Monday – Friday: 9am – 6pm
Saturday: 10am – 6pm
aluminium, painted red and blue
91,4 x 91,4 x 45,7 cm (36 x 36 x 18 in.)
with signature, dated, numbered und with Foundry and Copyright stamp Edition of 8 + 1 AP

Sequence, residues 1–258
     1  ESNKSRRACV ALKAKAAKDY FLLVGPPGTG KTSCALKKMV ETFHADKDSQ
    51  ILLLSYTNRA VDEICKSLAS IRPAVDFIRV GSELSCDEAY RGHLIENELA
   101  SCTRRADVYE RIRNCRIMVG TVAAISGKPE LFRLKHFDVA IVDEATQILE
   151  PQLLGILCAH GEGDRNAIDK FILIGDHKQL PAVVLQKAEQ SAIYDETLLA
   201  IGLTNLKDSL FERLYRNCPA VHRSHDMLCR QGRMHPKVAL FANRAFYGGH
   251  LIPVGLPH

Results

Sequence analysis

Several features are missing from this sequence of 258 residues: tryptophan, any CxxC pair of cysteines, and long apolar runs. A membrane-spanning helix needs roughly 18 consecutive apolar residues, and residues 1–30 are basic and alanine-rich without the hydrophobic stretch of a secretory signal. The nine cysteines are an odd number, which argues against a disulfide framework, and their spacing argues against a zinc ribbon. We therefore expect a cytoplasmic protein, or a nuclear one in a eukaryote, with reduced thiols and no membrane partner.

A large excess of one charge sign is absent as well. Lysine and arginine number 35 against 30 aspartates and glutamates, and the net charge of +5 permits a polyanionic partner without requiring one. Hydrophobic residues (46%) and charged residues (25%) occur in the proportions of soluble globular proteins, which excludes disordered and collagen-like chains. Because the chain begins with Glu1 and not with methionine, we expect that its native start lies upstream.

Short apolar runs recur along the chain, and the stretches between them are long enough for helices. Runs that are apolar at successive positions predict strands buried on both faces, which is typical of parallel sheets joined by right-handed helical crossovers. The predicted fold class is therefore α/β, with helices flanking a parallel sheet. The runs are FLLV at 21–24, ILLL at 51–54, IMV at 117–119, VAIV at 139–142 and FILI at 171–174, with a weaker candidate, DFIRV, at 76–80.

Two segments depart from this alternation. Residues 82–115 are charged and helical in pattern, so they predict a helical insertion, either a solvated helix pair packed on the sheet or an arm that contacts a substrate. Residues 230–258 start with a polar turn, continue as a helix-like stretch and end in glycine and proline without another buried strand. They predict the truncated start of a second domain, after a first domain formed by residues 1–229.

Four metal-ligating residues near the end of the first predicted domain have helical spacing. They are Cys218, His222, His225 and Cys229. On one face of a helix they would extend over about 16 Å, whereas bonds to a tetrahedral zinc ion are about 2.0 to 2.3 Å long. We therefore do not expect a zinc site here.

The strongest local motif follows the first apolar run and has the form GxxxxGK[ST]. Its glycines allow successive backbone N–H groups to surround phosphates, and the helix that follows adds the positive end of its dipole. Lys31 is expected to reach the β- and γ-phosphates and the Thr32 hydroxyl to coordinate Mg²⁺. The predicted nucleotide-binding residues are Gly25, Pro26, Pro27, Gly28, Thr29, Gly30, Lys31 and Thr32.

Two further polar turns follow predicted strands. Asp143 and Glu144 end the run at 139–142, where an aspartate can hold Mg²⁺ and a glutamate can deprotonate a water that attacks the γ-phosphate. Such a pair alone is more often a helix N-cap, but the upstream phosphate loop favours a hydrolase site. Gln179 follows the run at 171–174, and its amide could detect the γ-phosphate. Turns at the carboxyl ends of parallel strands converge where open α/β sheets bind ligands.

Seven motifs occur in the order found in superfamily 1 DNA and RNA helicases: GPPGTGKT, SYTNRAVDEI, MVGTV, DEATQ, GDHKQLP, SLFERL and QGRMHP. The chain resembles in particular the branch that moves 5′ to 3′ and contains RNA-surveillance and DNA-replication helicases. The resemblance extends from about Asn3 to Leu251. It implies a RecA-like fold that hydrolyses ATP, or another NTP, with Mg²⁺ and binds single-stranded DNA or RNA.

In 2008, Robert Indiana created "HOPE", the successor to his world-famous "LOVE". Picking up the now famous typography, the artist also inclined the O in "HOPE". As with "LOVE", Indiana developed different colour schemes for this version and executed the design in different media and formats. Forty-five years after he created "LOVE", which to no small degree reflected the social and political circumstances and was oriented in both form and content to the culture of the time, Indiana wanted to set a new mark for the mood of those years with HOPE as well. The contemporary occasion for the creation of HOPE was Robert Indiana's willingness to support the election campaign of the then presidential candidate Barack Obama. His campaign was based to an important extent on the slogan "Hope", which the street art artist Shepard Fairey first implemented in a poster in 2008: a stylised portrait of Obama in the style of the typical graffiti "stencil" aesthetic, under which the word "HOPE" appeared in capital letters. The slogan and Fairey's poster quickly gained wide recognition and popularity. It was a logical step for Indiana to follow it up with his work. However, Indiana had long before that time considered the possibility of transferring the now classic "LOVE" design to the word "HOPE". The artist had been experimenting with this plan for several years until 2008, when the external actual event also provided the occasion for implementation. Indiana himself commented on the clear genetic connection between his two creations as follows: "It is indeed a brother of LOVE, or a sister or a very close family member". Indeed, a great deal of American cultural history plays a role in Indiana's two works, in the Christian spirituality of which the relationship of love and hope in God, who is identified with those two terms much more directly than in the European tradition, plays a major role. One might think that Indiana had in mind a visualisation of the three Christian cardinal virtues of faith, love and hope. Nevertheless, there is also a concrete autobiographical connection of Indiana with the word "Hope", which again is very close to the mentioned, typically American cultural tradition. As early as 1969, Robert Indiana repeatedly stayed in the coastal town of Vinalhaven, which is home to a small colony of artists. In 1978, he finally bought the house in which he lived permanently from then on - a lodge called "Star of Hope", a former seat of the humanistic secular order of "Odd Fellows". Indiana's stainless-steel sculpture of "HOPE" adds lustre and strength to the idealistic concept through ist material aesthetics. The signal-like effect of the red and blue setting in brilliant primary colours, entirely in the style of Pop Art, creates a unique, contemporary signal effect.